A prescriptive easement creates a right to use another's land for a specific purpose. The easement is created by making use of the land without owner permission for a period of time specified by statute. Interference with a prescriptive easement gives the easement holder cause to bring suit.
Easements in General
An easement creates a right to use land that is possessed by another for a specific purpose. One parcel of land, the "dominant tenement," enjoys the benefit of the easement, while the "servient tenement" is the land being used for the easement purpose. Once an easement is validly created, even if not used, it is presumed to be perpetual.
A prescriptive easement is acquired when the servient tenement is used for a specific purpose, for some time, without the permission of the owner. Through the continuous use and the owner's failure to stop it, the dominant tenement can acquire the right to so use the servient tenement property indefinitely. A prescriptive easement is a type of easement appurtenant, meaning that the holder receives physical use or enjoyment of the property. All who may succeed to title of the dominant tenement will be entitled to the prescriptive easement; the easement need not be mentioned in the conveyance or deed in order to be operative.
Speaking generally, four legal elements are usually required: adverse use (use of the servient property without permission of the owner); open and notorious use (with no attempt at concealment); continuous use for the entire statutory period (required statutory periods vary among states, but the minimum is five years); and hostility, meaning that the easement user knows he has no right to use the property. However, individual states' easement laws may display variations, and those with easement issues should consult a legal professional.
Jurisdictions are split on whether a prescriptive easement requires that adverse use of the property be exclusive in order to fulfil the legal element. A minority of jurisdictions will not allow a prescriptive easement if other parties besides the dominant tenement have also been using the servient tenement adversely for the same use. However, most do not require exclusive use, only that the dominant tenement's right to adversely use the easment "does not depend on a like right in others". In other words, the dominant tenement may still get the prescriptive easement even if the owner or others are also using the tenement in a similar manner.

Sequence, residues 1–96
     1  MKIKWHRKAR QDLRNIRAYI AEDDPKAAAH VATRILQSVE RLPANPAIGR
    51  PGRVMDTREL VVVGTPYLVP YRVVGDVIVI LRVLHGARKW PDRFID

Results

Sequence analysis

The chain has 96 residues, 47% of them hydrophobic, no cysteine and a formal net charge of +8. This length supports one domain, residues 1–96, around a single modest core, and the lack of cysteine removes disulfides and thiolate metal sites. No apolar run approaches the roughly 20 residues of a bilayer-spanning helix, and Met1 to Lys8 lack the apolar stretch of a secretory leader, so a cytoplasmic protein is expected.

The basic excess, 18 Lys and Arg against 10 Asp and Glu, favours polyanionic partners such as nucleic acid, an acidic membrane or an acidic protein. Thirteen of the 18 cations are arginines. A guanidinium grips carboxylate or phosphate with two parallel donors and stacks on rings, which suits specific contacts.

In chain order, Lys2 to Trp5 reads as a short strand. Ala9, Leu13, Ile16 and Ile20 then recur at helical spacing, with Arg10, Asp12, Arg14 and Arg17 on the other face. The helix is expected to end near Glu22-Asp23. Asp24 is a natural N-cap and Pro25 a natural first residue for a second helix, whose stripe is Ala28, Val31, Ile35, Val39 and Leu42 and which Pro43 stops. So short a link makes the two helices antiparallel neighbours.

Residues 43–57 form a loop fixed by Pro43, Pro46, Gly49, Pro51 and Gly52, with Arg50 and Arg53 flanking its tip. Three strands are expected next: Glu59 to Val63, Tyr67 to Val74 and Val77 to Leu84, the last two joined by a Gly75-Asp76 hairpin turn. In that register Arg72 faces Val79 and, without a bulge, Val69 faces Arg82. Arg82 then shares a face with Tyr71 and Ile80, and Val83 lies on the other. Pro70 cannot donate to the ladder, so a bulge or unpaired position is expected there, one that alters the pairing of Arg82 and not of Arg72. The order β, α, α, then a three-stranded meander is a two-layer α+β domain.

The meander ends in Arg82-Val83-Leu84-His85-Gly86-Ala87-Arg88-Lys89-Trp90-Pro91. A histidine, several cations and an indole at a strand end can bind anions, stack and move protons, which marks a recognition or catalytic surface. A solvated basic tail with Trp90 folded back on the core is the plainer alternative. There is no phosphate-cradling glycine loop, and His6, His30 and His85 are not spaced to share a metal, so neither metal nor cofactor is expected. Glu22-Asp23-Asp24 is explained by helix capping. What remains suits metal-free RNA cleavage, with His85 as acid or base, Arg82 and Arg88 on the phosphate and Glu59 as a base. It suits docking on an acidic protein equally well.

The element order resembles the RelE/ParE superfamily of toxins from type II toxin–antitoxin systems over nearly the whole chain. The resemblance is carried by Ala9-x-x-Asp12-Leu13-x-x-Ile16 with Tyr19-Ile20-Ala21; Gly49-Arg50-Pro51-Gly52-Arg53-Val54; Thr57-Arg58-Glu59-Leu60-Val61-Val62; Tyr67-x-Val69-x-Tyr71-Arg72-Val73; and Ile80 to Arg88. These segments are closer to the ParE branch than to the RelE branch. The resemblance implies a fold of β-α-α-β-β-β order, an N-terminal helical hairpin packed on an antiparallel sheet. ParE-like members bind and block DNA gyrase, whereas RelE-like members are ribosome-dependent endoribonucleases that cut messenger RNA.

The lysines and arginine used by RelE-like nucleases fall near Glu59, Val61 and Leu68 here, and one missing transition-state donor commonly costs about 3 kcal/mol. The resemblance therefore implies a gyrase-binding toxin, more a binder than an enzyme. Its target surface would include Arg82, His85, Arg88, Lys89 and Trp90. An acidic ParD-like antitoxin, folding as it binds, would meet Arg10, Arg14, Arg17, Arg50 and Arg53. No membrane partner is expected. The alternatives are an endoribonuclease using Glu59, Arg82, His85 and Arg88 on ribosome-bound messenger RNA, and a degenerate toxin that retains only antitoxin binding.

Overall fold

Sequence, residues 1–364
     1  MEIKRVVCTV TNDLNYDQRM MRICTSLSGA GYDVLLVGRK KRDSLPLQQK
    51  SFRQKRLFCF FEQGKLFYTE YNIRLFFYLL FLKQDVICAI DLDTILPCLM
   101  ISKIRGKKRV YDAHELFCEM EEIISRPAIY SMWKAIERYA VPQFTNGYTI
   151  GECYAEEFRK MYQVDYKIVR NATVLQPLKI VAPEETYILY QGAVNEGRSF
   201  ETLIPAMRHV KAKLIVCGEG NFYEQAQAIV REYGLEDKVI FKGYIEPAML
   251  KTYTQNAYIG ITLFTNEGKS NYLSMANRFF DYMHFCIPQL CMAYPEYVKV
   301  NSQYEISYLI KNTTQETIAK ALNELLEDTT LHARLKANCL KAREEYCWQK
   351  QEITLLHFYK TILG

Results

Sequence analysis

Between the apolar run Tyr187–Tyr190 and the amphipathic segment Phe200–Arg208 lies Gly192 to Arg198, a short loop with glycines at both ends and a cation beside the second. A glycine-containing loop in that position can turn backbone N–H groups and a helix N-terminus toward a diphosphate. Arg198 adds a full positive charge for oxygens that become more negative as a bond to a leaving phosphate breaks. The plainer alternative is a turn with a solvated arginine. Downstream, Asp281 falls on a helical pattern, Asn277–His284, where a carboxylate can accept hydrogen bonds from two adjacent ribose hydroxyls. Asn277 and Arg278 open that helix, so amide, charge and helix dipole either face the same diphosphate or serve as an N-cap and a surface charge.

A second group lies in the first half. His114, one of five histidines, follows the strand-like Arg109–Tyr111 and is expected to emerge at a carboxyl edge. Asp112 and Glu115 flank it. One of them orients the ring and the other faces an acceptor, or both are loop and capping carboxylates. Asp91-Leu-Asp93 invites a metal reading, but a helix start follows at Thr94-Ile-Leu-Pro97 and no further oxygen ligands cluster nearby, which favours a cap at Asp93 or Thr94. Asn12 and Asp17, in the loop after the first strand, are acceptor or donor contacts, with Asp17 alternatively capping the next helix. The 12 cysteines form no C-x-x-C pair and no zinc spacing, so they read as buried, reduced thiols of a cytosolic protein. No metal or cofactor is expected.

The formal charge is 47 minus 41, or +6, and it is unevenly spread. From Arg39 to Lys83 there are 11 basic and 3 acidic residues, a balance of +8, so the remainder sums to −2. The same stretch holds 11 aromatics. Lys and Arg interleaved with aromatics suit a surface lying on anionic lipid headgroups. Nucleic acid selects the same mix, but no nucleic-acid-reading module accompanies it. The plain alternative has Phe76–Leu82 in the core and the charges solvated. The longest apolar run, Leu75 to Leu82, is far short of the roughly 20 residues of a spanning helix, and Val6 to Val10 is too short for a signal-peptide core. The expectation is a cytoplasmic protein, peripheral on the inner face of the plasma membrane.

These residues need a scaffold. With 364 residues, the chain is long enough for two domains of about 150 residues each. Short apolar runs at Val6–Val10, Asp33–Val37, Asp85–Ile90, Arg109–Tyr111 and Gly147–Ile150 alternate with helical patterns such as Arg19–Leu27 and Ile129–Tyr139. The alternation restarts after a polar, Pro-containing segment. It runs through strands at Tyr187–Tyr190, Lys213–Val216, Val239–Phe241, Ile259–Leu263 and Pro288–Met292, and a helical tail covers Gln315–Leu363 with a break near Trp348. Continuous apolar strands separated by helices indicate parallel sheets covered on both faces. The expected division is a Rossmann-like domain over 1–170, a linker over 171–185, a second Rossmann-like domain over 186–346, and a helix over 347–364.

Termination of Easement
An owner may prevent establishment of a prescriptive easement by effectively ending the dominant tenement's adverse use; this can be accomplished by bringing suit or physically ejecting the easement user from the property. Easements can also be terminated in several ways: the easement holder can release the servient tenement from the easement; the dominant and servient tenement can merge ownership; or the servient tenement can be condemned. The servient tenement may also invalidate the easement by a sort of "reverse prescription," if the servient tenement uses the easement for a long time and the easement holder "sleeps on his rights."